Listening to the Stars: Jocelyn Bell Burnell Discovers Pulsars by Jodie Parachini, illustrated by Alexandra Badiu

    Listening to the Stars: Jocelyn Bell Burnell Discovers Pulsars by Jodie Parachini, illustrated by Alexandra Badiu, Albert Whitman & Company, 9780807545638, 2021 

Rating: 1-5 (5 is an excellent or a Starred review) 4

Format: ARC

Genre: Biography

What did you like about the book?  Jocelyn Bell, a British pioneer in astrophysics stars in this new STEM-focused picture book biography about grit. Growing up in rural Ireland, she challenged traditional gender expectations and excelled at math and science. Working with an early radio telescope, Bell discovered and identified the very first pulsar. Parachini documents many of the barriers that Bell faced, including the Nobel prize committee’s failure to include her in its recognition of pioneering work in the field (her two male professors were honored over Bell).  The author does a good job of explaining unfamiliar social and scientific concepts right in the text without too much break in the narrative, while endnotes include a glossary, further sources and an illuminating paragraph with more background information about Dame Bell. The (seemingly) digital illustrations provide good visual support for the content. We get to see the scientists actually stringing the wire for the radio telescope and Bell pouring over the daunting 3 miles of charts (!) that the telescope recorded. An inspiring story about escaping convention and living richly and authentically.

Anything you didn’t like about it? Bell’s childhood must have been unusual, but only after hearing about her idyllic “farm” upbringing do we learn that her father was an architect who actually designed an observatory. Similarly, her Quaker roots stay hidden until the afterword, but apparently greatly influenced her life and surely played a role in her parents’ willingness to allow her to pursue higher education. I didn’t love the illustrations, which were practical but underwhelming. I do appreciate the challenge of turning hours of close study and the life of a college lecturer into a visually dynamic story, but I didn’t think the art added much to the book.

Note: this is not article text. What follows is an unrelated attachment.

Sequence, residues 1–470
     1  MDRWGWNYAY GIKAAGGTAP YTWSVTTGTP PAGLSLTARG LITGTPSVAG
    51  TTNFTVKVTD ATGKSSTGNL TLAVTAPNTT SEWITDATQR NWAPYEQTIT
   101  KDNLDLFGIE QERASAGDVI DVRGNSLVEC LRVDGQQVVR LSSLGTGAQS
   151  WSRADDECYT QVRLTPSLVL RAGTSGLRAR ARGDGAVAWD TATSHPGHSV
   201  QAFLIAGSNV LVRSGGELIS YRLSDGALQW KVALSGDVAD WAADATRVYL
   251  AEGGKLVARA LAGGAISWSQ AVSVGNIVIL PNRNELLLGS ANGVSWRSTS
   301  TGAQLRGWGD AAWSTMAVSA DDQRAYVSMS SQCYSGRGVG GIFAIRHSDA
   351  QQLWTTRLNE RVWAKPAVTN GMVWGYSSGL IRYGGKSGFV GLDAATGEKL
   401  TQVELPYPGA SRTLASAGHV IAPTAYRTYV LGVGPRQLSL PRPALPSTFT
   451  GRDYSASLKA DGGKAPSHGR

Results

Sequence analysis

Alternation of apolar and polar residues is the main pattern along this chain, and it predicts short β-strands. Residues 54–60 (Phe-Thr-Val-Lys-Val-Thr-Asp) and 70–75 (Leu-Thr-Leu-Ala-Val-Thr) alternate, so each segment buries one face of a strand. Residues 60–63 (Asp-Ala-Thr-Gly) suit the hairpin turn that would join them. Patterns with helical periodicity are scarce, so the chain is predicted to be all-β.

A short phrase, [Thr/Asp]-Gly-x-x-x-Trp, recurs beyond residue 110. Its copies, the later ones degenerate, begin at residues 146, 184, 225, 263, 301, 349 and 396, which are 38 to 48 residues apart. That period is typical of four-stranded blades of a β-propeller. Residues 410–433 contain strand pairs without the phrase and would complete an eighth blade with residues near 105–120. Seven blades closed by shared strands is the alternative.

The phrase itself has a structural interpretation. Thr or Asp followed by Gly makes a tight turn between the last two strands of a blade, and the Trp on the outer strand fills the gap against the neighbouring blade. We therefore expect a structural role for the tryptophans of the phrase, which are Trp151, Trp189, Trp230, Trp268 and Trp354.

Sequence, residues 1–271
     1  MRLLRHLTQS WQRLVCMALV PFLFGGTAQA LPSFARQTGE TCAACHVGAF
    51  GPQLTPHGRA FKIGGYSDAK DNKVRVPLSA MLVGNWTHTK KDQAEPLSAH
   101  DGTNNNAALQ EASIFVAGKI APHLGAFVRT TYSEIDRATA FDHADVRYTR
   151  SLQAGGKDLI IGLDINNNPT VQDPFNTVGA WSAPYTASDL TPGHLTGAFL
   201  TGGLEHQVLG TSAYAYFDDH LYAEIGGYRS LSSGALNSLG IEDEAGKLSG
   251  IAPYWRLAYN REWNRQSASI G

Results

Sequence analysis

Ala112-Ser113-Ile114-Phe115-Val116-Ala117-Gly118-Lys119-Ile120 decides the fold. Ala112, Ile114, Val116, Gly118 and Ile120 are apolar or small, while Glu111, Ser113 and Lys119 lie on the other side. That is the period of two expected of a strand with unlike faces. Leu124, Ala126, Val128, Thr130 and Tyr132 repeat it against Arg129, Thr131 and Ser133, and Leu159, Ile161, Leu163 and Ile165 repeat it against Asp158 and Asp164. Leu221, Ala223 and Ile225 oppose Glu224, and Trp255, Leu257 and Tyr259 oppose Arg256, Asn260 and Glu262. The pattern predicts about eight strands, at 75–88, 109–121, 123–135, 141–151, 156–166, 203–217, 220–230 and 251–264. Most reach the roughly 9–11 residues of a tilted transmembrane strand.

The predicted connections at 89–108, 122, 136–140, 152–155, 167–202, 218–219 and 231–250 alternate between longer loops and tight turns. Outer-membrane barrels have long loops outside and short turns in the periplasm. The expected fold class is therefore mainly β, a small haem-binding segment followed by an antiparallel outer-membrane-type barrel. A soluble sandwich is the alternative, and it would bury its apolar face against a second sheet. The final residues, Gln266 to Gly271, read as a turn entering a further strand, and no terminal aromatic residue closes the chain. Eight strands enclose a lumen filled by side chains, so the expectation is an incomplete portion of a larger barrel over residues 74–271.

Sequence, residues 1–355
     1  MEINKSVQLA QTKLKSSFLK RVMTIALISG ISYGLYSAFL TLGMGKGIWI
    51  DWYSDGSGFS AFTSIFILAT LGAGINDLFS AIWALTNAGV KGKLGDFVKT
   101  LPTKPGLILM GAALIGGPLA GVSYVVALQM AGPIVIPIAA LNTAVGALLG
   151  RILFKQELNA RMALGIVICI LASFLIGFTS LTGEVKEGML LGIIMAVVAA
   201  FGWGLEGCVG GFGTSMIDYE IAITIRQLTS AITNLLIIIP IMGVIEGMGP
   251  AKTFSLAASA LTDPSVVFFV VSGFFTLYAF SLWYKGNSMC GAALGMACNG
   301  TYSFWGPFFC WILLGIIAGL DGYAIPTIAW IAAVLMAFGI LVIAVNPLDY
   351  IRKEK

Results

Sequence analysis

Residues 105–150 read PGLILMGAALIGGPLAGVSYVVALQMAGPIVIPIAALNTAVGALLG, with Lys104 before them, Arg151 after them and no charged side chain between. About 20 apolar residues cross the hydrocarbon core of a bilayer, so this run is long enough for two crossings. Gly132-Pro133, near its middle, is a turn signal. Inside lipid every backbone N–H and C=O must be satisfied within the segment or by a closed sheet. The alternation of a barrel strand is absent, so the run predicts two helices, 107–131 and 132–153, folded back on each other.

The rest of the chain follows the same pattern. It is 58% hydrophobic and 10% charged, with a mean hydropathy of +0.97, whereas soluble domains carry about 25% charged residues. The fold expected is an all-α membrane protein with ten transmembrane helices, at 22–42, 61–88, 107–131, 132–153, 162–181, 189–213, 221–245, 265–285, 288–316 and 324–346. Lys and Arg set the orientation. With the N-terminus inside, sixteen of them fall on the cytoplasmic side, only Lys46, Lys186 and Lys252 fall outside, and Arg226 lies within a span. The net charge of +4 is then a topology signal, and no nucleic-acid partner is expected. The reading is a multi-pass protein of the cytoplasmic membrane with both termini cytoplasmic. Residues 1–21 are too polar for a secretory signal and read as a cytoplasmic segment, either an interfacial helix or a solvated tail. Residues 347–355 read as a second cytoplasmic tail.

To whom would you recommend this book?  Students in grades 3-5 looking for picture book biographies about scientists. This could be a good choice for a biography project or as an example of overcoming social convention. I had never heard of Dame Bell and certainly found her life story to be both intriguing and energizing. 

Who should buy this book? Elementary school and public libraries.

Where would you shelve it? Biography

Should we (librarians/readers) put this on the top of our “to read” piles? No

Reviewer: Susan Harari, Keefe Library, Boston Latin School, Boston, MA

Date of review: January 16, 2021

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